The U.S. Equal Employment Opportunity Commission (EEOC) has recently released its 2012 Enforcement and Litigation Statistics which provides that although the number of sexual harassment charges filed has decreased from 7,809 in 2011 to 7,571 in 2012, the percentage of charges filed by males has increased from 16.1% to 17.8%. Although women are still filing the majority of EEOC sexual harassment charges, it is worth noting this significant increase in charges filed by men.
It is not clear whether more men are being subjected to harassment or more men are willing to come forward, but it is possible that both scenarios are contributing to this steady rise. In recent years, more women have begun to occupy high-level managerial and executive positions thus altering the traditional power dynamics between supervisor and employee and potentially resulting in more sexual harassment of men. It is also possible, and more likely, however, that men are increasingly being harassed by male co-workers and supervisors and these men are now feeling more comfortable complaining than male employees did in the past. Sexual harassment can consist of unwelcomed offensive conduct such as a man being teased for being gay or being perceived as gay based on sex-stereotypes of how a man should or should not act.
Not surprisingly, men began filing more complaints of discrimination and harassment following the Supreme Court’s decision in the 1998 case of Oncale v. Sundowner Offshore Services. In this case, a male oil-rig worker claimed that he was subject to sexual harassment by his male co-workers. The Supreme Court held that Title VII’s protection against workplace discrimination “because of sex” also applied to workplace harassment involving members of the same sex and that “sexual desire” was not required to prove such claims.
Most likely, however, the frequency of workplace harassment against men has not significantly changed; rather men are now actively reporting such offensive and discriminatory treatment since society’s norms have somewhat relaxed and has reduced the stigma of making such complaints. In addition, many companies have become more proactive in their handling of sexual harassment complaints by offering seminars, written policies, and other such information to employees on how to best handle these situations. By making this information widespread, companies are removing the stigma that only women can be the victims of such treatment. This stream of information could contribute to more males understanding and utilizing means of reporting sexual harassment.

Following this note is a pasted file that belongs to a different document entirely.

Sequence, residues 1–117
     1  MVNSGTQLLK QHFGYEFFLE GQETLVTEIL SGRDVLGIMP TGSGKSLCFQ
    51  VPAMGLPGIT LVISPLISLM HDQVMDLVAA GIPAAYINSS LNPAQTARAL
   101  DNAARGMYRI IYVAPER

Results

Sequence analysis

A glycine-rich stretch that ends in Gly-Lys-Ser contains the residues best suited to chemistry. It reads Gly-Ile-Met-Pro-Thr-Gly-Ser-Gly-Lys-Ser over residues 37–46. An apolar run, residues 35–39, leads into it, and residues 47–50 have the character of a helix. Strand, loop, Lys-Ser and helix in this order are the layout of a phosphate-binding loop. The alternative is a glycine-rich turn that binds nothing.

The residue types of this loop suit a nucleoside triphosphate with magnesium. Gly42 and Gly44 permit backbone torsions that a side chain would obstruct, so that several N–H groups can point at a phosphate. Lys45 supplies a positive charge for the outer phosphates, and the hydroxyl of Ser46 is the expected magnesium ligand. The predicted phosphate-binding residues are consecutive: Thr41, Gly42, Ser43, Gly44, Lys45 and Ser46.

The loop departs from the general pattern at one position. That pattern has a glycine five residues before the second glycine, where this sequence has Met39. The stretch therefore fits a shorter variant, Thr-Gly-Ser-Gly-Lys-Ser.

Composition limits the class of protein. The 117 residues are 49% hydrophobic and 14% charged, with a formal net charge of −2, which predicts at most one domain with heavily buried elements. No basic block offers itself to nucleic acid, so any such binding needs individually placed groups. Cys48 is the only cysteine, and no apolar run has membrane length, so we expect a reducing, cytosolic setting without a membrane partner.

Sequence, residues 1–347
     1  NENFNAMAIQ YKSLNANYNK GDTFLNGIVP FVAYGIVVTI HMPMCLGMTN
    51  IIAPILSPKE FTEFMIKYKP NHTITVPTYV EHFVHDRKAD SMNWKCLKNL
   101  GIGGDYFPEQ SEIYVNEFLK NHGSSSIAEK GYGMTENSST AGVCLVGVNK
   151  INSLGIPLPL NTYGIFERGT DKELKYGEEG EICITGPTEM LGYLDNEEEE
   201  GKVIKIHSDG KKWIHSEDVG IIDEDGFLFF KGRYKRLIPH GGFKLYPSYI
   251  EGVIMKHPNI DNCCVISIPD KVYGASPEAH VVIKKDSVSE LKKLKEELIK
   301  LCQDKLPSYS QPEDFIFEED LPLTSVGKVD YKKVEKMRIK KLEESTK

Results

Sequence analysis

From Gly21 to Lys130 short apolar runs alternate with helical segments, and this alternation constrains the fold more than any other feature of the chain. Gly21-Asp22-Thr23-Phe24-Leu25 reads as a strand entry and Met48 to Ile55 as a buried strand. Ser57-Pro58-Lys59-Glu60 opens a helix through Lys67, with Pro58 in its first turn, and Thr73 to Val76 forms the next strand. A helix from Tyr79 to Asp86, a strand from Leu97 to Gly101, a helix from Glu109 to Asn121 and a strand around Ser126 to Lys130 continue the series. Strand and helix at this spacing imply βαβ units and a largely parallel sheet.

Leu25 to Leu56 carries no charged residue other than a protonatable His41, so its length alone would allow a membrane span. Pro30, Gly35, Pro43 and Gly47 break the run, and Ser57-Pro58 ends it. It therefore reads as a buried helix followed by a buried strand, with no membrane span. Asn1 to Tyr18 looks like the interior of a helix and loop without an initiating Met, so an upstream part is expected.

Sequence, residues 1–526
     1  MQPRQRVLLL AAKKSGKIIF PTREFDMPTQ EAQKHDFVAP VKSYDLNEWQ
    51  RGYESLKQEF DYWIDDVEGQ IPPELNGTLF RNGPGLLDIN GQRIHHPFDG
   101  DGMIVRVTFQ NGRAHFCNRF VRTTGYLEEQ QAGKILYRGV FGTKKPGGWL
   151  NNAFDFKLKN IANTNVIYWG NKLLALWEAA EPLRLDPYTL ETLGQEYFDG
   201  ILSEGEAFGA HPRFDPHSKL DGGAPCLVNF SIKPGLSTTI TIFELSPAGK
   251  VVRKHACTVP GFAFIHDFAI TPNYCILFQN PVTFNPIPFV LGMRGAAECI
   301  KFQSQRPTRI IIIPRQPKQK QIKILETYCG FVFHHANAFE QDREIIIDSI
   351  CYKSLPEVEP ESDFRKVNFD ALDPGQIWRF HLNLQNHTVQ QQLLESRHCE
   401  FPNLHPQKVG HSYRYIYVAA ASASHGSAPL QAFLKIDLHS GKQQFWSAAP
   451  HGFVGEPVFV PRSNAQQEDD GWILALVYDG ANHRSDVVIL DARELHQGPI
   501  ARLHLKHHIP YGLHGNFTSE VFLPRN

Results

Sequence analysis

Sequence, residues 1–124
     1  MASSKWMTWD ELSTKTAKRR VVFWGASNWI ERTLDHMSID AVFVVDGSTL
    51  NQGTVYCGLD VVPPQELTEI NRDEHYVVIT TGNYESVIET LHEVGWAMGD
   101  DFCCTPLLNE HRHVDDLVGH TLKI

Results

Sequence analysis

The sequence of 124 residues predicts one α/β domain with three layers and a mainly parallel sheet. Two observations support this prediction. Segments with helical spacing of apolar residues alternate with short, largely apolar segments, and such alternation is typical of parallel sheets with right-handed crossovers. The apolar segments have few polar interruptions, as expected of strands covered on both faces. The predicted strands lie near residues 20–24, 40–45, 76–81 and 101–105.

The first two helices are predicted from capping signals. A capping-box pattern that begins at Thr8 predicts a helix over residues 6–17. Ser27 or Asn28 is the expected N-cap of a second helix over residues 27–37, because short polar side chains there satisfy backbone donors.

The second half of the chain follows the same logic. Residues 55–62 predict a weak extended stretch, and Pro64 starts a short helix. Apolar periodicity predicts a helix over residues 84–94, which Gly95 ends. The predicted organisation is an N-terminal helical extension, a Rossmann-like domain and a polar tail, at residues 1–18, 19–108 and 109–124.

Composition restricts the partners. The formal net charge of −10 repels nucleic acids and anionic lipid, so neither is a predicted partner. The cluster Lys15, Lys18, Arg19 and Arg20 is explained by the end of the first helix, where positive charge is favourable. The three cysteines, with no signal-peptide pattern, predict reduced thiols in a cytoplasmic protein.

Although the exact reason for the rise in males reporting sexual harassment is unclear, it is important that employees and employers understand the impact of such illegal conduct and that both men and women continue to take advantage of any available avenues to make such complaints, both internally and outside the workplace.
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 U.S. Equal Employment Opportunity Commission, Sexual Harassment Charges FY 2010-FY 2012, available at http://www.eeoc.gov/eeoc/statistics/enforement/sexual_harassment_new.cfm (last visited Apr. 27, 2013).
 Oncale v. Sundowner Servs., 523 U.S. 75 (1998). See also Equal Employment Opportunity Comm’n v. Boh Bros. Constr. Co., L.L.C., 689 F.3d 48 (5th Cir. 2012) (vacating judgment that same-sex harassment under Title VII existed for rehearing en banc).